We watched from a distance as a family returned to what was left of their house (no more than a lop-sided, soggy shell) just a block or two from the breached levee. They picked their way up the stairs and into the lower level on some secret, internal mission. Maybe just “being home.” was the point of the visit.
We were reminded of how good it felt when the National Guard and FBI allowed us to go into our apartment for the first time, three weeks after the terrorist attacks on 9-11, and we were able to do stuff that made us feel like we might, someday, be home for good. We emptied the fetid refrigerator, puttered around, watered the plants. This family, however, had no refrigerator or plants and would never be returning to this home.
Clean up crews had recently entered the neighborhood to finally start disposing of the debris after months of political wrangling. We talked to one contract worker from Colorado who was frustrated and disgusted by Mayor Ray Nagin and his inability to make or stick to decisions about how to proceed with the clean up. This worker had been in New Orleans for six months and figured more than half of that time had been spent waiting for the official governmental green light to go in and do what he was being paid to do.
Fats Domino’s house under water
Singer and pianist Fats Domino lives in the Lower 9th Ward and kept his home and business there long after his success would have allowed him to move elsewhere. We remembered news reports about his rescue during the hurricane and, on a long shot, we asked some men if they know where Fats’ house was and they directed us straight to it.
The Fats Domino compound is across the street from a Dollar Store and takes up about three lots. His simple white brick house with a huge “FD” insignia on it is connected to another home that’s been converted into the office headquarters of Fats Domino Publishing.
Post Katrina, both buildings were abandoned but not destroyed since they’re located many, many blocks away from the levee breach. However, even this area was under water deep enough to require that Fats be evacuated and most buildings were still uninhabitable and the retro ’70s furniture on the curb out front indicated that the home had extensive water damage.
Hippies to the rescue in St. Bernard Parish
In neighboring St. Bernard Parish the scenes of destruction were much the same. Weirdly, many of the car washes were open for business even if banks, hospitals, grocery stores, and schools were not. And they were doing a scorching business. It’s as if—and we totally understand this—people were desperate to keep some aspect (any aspect) of their lives under control and having your car washed had become something like therapy.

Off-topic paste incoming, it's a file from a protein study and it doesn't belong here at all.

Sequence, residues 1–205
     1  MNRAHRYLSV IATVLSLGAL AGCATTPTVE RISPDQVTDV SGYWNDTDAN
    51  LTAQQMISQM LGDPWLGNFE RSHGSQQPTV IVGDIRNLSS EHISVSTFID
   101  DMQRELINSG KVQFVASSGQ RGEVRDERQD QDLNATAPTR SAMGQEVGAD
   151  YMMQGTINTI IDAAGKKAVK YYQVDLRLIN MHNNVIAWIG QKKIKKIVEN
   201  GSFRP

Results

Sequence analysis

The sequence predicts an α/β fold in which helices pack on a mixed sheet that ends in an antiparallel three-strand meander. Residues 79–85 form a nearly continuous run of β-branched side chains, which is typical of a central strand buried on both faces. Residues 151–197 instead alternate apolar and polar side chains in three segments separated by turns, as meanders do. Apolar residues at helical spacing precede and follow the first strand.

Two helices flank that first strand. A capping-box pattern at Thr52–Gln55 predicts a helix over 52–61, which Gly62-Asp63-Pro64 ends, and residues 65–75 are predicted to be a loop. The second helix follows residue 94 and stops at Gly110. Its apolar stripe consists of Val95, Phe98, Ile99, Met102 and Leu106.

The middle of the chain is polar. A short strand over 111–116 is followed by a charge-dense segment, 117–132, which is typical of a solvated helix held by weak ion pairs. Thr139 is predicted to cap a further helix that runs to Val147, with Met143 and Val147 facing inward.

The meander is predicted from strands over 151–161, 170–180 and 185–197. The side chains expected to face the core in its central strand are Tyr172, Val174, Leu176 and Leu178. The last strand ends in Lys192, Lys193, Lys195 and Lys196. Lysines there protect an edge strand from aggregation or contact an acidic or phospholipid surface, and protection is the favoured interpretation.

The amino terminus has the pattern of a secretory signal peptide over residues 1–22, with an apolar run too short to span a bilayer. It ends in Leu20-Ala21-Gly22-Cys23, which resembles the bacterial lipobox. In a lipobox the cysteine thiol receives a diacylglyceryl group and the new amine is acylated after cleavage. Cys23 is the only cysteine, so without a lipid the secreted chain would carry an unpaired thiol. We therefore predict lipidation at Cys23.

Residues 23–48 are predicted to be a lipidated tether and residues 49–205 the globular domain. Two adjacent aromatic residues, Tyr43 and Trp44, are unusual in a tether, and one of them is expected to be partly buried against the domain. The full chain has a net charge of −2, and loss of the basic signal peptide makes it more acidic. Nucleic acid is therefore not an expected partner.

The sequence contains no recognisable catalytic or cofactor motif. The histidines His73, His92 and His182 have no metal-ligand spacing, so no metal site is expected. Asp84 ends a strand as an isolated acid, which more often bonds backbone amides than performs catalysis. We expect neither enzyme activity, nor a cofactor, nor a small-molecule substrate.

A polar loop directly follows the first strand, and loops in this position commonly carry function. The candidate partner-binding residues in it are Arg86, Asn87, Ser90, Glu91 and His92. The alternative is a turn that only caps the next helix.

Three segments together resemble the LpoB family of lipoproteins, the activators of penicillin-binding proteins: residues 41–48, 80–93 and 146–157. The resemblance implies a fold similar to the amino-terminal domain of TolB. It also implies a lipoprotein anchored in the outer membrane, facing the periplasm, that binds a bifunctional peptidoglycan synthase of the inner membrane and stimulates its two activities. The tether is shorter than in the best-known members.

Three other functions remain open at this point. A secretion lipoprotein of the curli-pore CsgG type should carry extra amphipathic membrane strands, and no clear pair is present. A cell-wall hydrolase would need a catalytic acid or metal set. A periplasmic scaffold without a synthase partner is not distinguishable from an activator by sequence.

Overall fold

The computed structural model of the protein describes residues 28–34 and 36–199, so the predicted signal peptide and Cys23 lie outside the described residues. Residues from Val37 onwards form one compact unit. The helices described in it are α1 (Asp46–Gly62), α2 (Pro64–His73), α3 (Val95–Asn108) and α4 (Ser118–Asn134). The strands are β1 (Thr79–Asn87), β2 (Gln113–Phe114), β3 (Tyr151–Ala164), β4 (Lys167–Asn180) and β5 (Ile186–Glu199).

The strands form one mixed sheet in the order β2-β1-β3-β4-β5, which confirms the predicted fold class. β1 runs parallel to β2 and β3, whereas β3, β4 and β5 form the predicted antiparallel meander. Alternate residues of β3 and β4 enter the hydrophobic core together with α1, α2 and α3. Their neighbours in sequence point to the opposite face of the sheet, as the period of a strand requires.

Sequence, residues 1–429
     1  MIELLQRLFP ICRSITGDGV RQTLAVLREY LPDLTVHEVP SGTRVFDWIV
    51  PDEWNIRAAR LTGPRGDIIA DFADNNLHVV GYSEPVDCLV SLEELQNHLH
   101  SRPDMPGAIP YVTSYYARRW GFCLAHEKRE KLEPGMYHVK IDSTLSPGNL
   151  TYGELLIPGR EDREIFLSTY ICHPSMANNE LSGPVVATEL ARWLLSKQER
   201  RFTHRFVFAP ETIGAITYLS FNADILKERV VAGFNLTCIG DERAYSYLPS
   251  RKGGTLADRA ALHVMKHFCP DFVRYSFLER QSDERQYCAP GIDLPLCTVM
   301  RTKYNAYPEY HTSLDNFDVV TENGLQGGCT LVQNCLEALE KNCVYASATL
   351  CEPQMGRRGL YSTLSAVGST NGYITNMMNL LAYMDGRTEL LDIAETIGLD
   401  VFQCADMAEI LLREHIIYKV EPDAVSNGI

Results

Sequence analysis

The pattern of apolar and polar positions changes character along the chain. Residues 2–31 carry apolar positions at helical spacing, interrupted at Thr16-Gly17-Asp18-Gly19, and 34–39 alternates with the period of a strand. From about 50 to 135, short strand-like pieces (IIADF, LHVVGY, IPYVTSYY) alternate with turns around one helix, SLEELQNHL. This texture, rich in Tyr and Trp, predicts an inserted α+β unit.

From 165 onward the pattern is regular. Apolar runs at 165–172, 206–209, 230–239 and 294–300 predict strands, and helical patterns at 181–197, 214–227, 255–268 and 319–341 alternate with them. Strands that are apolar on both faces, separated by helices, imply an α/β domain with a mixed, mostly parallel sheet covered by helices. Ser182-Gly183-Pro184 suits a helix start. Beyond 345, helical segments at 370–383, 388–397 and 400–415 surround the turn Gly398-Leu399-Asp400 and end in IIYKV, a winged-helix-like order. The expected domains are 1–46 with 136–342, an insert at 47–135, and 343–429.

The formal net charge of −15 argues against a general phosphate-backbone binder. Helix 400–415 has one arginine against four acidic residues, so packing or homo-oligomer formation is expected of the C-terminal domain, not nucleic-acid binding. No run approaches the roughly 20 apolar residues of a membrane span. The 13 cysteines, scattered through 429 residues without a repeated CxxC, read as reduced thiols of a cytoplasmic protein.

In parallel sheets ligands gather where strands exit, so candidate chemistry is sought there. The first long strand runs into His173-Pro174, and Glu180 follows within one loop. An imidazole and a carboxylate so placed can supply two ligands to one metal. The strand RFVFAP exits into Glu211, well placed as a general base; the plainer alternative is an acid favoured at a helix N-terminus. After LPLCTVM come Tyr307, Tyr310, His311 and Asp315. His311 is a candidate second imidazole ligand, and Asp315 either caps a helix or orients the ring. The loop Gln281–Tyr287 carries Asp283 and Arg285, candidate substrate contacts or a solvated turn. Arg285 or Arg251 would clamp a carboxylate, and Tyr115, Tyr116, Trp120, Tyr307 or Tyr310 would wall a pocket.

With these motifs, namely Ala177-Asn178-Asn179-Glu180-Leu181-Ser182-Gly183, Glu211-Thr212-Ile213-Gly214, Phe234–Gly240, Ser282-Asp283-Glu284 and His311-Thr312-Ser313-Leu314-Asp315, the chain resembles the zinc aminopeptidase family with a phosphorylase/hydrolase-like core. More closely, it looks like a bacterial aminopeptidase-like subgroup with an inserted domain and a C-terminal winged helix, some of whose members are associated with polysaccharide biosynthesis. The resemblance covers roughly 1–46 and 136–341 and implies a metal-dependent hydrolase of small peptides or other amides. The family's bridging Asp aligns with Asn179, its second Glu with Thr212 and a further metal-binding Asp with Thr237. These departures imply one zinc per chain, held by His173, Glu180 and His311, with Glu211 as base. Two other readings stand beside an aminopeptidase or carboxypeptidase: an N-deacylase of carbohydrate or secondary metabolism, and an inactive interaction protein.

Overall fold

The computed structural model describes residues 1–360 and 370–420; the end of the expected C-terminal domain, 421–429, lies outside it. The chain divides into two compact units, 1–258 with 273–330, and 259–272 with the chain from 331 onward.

Also in St. Bernard, a group of volunteers had set up a mega aid station that was a cross between the Burning Man festival and the coolest Red Cross center you’ve ever seen. Run by a group called Emergency Communities, it was called Made with Love and the centerpiece was a huge geodesic dome tent in which 1,500 people a day were getting free meals.
Other tents offered things like free clothes, free furniture, free groceries. FEMA had a table set up and the volunteer there was actually doing something: giving away free cell phones and service plans. Free internet access and phone books were also available and everything was cheered up by the addition of hand-made signs with happy slogans and smiling animals on them.
Made with Love was run by young volunteers with a visible hippie streak, which explained the recycling bins and vegetarian peanut oil in the fryers. By coincidence, we stopped by at lunch time (salad, broccoli—with or without cheese sauce—and sloppy Joes) and we found a whole cross-section of locals there: single moms, whole families, elderly couples, office workers. All in the same boat, so to speak.
The whole little cosmos was set up in the parking lot of a hurricane ravaged Off Track Betting business and it was obvious that the patrons were folks unused to taking and the volunteers were folks used to giving. It all worked out just fine. We stuffed some bills into the Made with Love donation box and headed out.
It was pathetic, but after only a few days of exposure to the fresh aftermath of Hurricane Katrina we were slowly losing our battle with destruction fatigue. Cars full of mud left wrapped around trees were beginning to seem normal. Hearing people talk about “taking water” was getting mundane. It was time for a change of scenery and a few days of distance and perspective on what we’d seen in New Orleans.
We could not then (and still can’t now) imagine what it was like to call post Katrina New Orleans home. On our Trans-Americas Journey we’ve returned to New Orleans four times since our visit eight months after Katrina, the most recent time in 2014, and each time we’ve seen many areas of the city make a comeback. It is a shameful truth, however, that poorer, predominantly black areas, like the Lower 9th Ward, were still not restored 10 years after the hurricane.